Thursday, 7 August 2003: 4:00 PM
Can't see the forest for the trees: Methods for the analysis and visualization of large radar datasets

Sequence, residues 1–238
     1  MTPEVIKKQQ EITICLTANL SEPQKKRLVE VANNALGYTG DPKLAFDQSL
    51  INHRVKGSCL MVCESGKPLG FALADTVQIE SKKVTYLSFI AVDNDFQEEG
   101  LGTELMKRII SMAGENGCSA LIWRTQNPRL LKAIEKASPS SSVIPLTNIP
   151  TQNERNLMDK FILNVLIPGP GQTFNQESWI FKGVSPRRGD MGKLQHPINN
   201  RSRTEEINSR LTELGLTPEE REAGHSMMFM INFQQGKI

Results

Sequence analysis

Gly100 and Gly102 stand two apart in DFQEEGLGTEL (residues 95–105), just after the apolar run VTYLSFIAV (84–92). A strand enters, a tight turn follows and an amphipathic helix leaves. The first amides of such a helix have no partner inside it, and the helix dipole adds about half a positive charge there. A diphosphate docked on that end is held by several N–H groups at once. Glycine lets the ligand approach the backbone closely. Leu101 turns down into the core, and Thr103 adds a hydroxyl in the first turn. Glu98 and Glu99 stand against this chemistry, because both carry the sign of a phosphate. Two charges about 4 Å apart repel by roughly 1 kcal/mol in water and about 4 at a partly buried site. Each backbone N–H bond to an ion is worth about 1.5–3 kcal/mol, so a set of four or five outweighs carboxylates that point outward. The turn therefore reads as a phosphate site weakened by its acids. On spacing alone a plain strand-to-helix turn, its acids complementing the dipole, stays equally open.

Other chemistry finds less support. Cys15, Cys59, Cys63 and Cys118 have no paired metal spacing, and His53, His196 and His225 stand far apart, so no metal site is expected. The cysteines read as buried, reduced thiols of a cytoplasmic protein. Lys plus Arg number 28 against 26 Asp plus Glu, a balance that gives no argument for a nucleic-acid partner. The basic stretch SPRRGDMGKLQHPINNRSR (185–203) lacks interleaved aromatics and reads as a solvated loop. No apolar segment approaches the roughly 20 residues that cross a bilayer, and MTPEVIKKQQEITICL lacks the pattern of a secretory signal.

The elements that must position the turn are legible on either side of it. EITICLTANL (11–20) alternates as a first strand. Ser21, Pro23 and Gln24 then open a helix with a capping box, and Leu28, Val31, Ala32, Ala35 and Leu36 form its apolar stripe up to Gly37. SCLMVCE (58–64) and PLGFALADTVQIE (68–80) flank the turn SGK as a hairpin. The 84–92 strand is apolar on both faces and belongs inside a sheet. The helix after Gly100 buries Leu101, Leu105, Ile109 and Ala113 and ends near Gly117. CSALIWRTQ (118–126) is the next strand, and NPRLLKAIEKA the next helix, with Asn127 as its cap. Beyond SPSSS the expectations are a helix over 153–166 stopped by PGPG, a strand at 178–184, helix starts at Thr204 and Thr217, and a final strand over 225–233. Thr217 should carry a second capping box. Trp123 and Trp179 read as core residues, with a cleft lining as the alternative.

In the case study approach of a precipitation event two dimensional images (PPIs, RHIs, etc.) of radar data are often examined frame by frame (as a function of time) in order to understand the evolution and dynamics of the event. When dealing with several weeks, months or even years of data, however, such approaches often end in frustration and little understanding is gained from the massive amounts of radar images. If we are to study the precipitation cycle and understand its relationship to forcing mechanisms (synoptic, density currents, undular bores, diurnal heating, etc.) for a long time series, other approaches that reduce the volume of data to a manageable level can provide more insight. One approach is to reduce the dimensions of the dataset by averaging in one spatial dimension (latitude or longitude) and plotting the data in the remaining spatial dimension as a function of time (time-longitude or time-latitude). Such plots are often referred to as Hovmoller diagrams and have been used in the climatology community for many years. In the Hovmoller diagrams coherent precipitation episodes travelling across the continent appear as streaks, and patterns associated with different types of forcing are revealed. From the streaks, statistics on the propagation speed, span (km) and duration (h) of the precipitation event are easily obtained. Several examples of precipitation episodes forced by various mechanisms will be shown as well as methods for displaying data averaged over several years. This approach is not limited to radar data and when combined with satellite, model analysis and lightning data becomes even more powerful.